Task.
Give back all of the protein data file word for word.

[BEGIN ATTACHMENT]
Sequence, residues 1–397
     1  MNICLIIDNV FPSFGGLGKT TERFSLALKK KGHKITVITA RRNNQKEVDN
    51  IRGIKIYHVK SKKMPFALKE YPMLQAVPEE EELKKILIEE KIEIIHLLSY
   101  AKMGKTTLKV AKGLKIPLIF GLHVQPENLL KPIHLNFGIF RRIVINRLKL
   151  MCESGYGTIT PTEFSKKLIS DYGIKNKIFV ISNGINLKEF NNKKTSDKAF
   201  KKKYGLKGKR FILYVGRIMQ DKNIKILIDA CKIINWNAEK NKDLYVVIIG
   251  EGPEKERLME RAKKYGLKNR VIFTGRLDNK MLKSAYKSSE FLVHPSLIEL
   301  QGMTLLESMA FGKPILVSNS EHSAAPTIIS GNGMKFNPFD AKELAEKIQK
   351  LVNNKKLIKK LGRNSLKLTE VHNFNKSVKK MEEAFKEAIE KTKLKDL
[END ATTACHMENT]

Sequence, residues 1–397
     1  MNICLIIDNV FPSFGGLGKT TERFSLALKK KGHKITVITA RRNNQKEVDN
    51  IRGIKIYHVK SKKMPFALKE YPMLQAVPEE EELKKILIEE KIEIIHLLSY
   101  AKMGKTTLKV AKGLKIPLIF GLHVQPENLL KPIHLNFGIF RRIVINRLKL
   151  MCESGYGTIT PTEFSKKLIS DYGIKNKIFV ISNGINLKEF NNKKTSDKAF
   201  KKKYGLKGKR FILYVGRIMQ DKNIKILIDA CKIINWNAEK NKDLYVVIIG
   251  EGPEKERLME RAKKYGLKNR VIFTGRLDNK MLKSAYKSSE FLVHPSLIEL
   301  QGMTLLESMA FGKPILVSNS EHSAAPTIIS GNGMKFNPFD AKELAEKIQK
   351  LVNNKKLIKK LGRNSLKLTE VHNFNKSVKK MEEAFKEAIE KTKLKDL